R.L. King and Dock Edwards
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In Remembrance of

R.L. King
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Dock Edwards Charged with the murder and will be tried Wednesday

R.L. King died Friday morning, Dec. 24, as a result of a lick on the back of the head, and Dock Edwards is now in the Dickens county jail charged with the murder.

Thursday evening, it is reported, Dock Edwards was at the time shop where Mr. King was engaged in the duties of the shop, and during the evening a difference of some character came up and Edwards drew his knife on King. However, parties present interfered, took the knife and suggested that Edwards leave the shop and thus avoid the recurrence of a further difference, he being somewhat under the influence of whiskey. However, it was said that King requested the part to let Edwards stay there and that they would soon go to bed. A short time after this Edwards went to a nearby business place and reported that he had killed King. On investigation King was found wounded on the back of the head, lying on the floor of his tin shop and near a two by six scantling supposed to have been used in the killing. Doctors were called and dressed the wound without effect since King died Friday morning without regaining consciousness.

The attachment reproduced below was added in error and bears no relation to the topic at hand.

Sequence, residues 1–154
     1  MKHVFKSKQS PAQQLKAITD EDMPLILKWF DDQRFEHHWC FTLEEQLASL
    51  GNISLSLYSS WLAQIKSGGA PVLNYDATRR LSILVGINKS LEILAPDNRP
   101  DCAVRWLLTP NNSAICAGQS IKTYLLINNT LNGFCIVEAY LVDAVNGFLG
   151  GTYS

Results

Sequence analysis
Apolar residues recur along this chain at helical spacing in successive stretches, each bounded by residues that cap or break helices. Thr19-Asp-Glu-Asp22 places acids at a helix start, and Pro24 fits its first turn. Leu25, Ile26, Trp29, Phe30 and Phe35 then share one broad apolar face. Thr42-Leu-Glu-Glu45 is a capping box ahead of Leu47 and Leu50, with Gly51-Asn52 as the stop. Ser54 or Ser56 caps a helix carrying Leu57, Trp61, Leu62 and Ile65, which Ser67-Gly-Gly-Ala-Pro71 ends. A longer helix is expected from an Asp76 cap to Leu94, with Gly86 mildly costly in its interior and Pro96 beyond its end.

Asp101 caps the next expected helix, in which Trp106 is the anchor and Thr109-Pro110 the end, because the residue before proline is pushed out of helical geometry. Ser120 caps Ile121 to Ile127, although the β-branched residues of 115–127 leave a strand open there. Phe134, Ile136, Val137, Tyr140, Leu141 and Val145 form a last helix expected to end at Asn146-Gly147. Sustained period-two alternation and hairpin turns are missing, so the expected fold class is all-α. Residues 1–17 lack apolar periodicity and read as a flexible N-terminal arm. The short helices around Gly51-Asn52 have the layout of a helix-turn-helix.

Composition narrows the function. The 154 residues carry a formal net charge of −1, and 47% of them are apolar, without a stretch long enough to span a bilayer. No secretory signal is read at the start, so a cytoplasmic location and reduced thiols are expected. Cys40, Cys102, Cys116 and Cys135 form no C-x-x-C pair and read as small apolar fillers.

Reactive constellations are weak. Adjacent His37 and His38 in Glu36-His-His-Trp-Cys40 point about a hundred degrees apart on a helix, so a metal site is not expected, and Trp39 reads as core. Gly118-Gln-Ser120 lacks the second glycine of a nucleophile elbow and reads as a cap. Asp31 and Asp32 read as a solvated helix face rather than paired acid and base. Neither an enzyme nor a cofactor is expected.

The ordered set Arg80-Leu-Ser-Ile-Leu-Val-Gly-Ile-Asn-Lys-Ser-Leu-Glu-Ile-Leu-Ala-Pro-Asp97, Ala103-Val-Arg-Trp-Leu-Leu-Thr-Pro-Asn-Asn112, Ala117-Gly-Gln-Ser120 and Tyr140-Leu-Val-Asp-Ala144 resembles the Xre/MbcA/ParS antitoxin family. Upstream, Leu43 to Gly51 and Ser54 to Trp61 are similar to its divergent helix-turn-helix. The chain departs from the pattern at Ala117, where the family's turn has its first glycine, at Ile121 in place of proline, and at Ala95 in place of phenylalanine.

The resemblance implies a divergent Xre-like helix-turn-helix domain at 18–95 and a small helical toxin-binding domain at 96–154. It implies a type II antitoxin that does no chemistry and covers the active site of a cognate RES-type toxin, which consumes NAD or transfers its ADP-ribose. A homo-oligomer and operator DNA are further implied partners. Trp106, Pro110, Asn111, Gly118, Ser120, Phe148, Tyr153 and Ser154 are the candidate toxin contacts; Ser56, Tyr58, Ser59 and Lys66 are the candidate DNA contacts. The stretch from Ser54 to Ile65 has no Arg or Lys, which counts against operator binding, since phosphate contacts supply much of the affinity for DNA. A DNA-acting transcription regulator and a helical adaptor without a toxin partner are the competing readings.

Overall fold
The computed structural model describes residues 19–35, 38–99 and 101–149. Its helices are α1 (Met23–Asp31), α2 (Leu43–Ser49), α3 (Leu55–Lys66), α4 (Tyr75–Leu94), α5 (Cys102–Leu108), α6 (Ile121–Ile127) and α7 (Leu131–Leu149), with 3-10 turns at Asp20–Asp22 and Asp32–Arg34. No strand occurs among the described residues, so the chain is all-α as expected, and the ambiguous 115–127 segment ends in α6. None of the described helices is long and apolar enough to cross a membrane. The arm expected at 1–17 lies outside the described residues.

Edwards was arrested and placed in jail at Dickens. The grand jury which convened Monday, returned an indictment of murder in the first degree. A special venire of one hundred and fifty men has been summoned and the trial of the case set for Wednesday of next week.

This is the second murder trial had in Dickens County since its organization a number of years ago.

R.L.King came to Spur from Dickens and had been operating the tin shop since the opening of the town. He was a man of exceptional ability in his line of business, honest and honorable in business and social relations with his fellow man, and his death in this manner and at this time is a sad occurrence and deplored by the town and country as a whole.

The funeral was held here Christmas day and the remains interred in the Spur Cemetery at four o'clock in the afternoon, and quite a number of friends and acquaintances were present to pay the last tribute to the deceased.

©The Texas Spur, December 31, 1909
From the records of Lillian Grace Nay, Spur Museum, transcribed by B. Hodges, August 2004


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